Ethical leadership, in spite of being very contradictory and subjective, is exciting to reflect on. Lack of traditional research results with number confirmations makes it hard to eliminate all the subjectivism from this concept. All available studies are descriptive and reflect subjective opinions of the authors on ‘what ethical leadership is’.
It is true that what is ethical to one can look rude or unacceptable to another. Northouse (2013) gives an excellent example of the truck-driving company when the owner has to choose one person out of 7 for the new, more comfortable and profitable route. It samples only one side of ethical leadership, but the case demonstrates that whichever decision is made, there will be people who are not happy about it. In such situation, the leader has to find the way to satisfy all the interested parties using his best communication skills to prove to the team that the decision was the fairest.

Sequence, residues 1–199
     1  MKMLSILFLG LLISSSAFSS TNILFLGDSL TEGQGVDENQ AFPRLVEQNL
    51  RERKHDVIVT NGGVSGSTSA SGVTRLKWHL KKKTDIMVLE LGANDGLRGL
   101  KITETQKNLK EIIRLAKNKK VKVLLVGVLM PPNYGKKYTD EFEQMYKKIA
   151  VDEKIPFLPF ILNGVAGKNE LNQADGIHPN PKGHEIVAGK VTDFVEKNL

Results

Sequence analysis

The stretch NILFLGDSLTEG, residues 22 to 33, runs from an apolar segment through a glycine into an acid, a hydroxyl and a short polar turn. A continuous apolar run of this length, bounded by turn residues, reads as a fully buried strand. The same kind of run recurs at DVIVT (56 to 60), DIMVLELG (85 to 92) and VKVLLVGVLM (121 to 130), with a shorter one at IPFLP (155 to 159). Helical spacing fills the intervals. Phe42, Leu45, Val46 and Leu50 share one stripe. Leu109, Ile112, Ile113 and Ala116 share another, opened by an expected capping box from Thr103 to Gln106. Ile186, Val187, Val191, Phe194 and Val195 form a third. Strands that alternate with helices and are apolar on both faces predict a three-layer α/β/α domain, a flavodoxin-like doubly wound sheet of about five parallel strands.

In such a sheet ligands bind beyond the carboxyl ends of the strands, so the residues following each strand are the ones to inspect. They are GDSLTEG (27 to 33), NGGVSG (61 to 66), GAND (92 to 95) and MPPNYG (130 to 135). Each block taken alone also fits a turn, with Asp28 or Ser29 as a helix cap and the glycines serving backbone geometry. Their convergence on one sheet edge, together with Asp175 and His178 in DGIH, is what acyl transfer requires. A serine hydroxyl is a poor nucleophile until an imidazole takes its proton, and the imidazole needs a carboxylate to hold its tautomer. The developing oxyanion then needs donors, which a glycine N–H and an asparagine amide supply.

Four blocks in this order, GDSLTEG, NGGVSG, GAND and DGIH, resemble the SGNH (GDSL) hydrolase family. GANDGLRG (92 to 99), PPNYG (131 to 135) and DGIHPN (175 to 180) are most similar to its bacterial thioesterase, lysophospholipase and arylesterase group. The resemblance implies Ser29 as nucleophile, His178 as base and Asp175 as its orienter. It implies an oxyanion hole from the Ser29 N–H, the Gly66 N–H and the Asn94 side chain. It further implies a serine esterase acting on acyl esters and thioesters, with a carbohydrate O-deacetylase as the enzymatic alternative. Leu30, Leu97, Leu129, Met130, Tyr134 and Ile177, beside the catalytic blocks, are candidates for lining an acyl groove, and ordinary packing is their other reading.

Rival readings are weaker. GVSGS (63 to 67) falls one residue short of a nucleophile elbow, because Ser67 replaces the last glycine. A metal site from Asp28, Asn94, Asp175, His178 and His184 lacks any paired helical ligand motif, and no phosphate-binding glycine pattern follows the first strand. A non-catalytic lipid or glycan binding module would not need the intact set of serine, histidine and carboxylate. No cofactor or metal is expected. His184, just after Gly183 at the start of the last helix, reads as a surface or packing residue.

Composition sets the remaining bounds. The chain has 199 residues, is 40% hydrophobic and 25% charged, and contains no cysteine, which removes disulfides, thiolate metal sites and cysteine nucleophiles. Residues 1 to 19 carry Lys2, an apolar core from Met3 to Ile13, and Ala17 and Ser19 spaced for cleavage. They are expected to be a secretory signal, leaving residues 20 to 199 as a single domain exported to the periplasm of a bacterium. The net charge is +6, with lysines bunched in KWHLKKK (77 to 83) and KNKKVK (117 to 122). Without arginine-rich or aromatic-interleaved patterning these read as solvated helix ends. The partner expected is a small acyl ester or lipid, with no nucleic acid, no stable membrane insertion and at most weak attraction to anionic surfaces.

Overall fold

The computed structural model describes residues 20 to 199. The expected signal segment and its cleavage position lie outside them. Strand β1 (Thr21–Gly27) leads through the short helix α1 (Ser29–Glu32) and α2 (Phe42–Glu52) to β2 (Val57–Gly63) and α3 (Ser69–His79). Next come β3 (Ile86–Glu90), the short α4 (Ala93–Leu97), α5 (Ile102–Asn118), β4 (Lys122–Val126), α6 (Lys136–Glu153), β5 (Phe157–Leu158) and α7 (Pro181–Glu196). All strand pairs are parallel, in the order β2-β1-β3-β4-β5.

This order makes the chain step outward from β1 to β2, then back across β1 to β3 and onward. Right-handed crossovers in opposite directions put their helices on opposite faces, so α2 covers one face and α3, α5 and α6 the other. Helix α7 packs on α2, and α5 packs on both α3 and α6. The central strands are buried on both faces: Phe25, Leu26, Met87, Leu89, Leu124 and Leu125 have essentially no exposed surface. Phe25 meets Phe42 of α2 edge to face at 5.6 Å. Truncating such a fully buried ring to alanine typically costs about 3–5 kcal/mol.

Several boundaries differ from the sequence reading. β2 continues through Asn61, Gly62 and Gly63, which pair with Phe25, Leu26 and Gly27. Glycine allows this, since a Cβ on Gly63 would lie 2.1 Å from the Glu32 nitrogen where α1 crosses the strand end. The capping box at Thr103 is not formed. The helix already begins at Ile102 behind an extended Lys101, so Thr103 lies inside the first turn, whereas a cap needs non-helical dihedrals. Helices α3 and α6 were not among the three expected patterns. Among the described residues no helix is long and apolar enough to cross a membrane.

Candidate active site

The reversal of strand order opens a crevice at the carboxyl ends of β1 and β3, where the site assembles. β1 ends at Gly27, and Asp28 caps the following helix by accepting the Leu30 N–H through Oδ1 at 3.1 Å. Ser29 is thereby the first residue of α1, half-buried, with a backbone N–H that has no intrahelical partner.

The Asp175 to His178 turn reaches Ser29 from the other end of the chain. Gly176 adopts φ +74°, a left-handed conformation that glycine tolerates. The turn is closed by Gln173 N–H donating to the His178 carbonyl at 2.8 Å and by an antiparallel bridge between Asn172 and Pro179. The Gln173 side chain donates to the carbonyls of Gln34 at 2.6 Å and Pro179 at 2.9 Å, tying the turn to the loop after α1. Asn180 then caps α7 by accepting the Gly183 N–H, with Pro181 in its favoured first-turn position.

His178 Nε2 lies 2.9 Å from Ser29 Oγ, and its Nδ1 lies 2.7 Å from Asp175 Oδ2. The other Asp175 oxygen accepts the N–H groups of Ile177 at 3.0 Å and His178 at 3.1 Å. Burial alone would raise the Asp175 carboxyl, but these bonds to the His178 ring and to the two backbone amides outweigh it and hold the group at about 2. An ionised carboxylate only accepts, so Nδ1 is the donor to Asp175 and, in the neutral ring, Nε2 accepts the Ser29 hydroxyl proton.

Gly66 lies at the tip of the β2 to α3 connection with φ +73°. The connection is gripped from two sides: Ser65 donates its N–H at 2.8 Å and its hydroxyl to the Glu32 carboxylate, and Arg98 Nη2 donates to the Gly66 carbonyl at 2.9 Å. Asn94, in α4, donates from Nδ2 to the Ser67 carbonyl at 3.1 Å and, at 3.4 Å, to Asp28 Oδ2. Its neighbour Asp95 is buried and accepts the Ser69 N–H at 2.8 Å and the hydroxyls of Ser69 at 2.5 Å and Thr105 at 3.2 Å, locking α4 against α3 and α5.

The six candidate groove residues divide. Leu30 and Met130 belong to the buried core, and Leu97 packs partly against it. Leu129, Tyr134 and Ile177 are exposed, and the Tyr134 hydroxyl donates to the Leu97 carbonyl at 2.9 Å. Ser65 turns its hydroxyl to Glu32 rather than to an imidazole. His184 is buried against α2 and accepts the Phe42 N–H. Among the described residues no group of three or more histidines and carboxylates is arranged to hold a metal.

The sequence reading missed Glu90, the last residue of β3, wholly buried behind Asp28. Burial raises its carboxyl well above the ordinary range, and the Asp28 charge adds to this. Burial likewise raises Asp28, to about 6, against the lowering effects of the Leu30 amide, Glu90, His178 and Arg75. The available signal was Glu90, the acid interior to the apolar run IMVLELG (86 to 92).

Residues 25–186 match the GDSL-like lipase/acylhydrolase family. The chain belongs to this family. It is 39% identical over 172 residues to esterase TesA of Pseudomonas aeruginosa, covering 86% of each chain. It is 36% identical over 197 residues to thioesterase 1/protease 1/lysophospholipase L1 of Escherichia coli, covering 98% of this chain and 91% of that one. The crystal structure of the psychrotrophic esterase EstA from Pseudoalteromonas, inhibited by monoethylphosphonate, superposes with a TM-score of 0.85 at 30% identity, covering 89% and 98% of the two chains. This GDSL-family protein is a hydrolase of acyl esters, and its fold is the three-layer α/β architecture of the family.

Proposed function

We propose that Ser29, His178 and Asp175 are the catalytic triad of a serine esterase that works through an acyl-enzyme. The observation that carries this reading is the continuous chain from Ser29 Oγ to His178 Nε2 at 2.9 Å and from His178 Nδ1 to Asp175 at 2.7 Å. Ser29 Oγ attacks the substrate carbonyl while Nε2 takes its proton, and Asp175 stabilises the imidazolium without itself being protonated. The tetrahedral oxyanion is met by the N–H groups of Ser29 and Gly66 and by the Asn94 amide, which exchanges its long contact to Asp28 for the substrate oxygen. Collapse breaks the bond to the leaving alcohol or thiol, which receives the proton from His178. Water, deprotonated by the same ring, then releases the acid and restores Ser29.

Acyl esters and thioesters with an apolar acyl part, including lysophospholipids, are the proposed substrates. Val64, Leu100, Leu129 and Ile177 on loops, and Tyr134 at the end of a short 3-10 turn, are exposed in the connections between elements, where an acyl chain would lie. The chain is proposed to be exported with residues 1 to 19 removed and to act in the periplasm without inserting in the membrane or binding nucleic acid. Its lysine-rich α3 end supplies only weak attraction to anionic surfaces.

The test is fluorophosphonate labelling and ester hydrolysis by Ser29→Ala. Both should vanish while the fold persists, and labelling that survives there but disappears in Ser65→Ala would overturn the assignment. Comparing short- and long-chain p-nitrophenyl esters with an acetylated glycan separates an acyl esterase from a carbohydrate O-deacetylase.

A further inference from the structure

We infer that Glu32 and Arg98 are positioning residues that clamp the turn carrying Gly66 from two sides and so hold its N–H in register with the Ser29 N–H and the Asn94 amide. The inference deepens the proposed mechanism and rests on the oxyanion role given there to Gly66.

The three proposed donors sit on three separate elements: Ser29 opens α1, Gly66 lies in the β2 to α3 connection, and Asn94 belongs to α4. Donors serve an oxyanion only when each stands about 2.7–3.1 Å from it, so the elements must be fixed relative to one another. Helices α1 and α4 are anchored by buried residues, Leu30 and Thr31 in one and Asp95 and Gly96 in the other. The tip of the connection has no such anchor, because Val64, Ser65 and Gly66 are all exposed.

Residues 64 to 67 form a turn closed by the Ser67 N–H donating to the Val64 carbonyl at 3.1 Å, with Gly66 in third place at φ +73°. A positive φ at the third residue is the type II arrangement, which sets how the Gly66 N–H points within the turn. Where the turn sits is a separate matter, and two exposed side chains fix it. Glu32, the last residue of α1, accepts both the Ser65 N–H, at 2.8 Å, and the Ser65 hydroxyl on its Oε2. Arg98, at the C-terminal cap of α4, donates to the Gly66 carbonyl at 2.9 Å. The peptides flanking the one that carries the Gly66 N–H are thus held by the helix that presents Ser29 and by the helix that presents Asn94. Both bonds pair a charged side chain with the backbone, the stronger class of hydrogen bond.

For global leaders, the limits of ethical behaviour may be even more difficult to determine as different countries have different rules, traditions, codes of conduct, and customs (ethics derives from Greek ethos which includes all of those meanings). In some parts of the world, it is good for the leader to be human-oriented, altruistic – his followers will appreciate it and see him as a strong, fair leader. But in other cultures, these qualities aren’t considered characteristics of a good leader, and somebody who is more utilitarian or even ethically egoistic might succeed more (Northouse, 2013).
Today’s world is so open that any business or position in the company is socially accountable. Organisations and their leaders will increasingly be judged on their ethical behaviour, which will force both companies and their managers to act in a certain way to be successful. Keep it in mind next time when making a difficult decision.
Northouse, P.G. (2013) Leadership: theory and practice. 6th ed. Thousand Oaks, CA: Sage.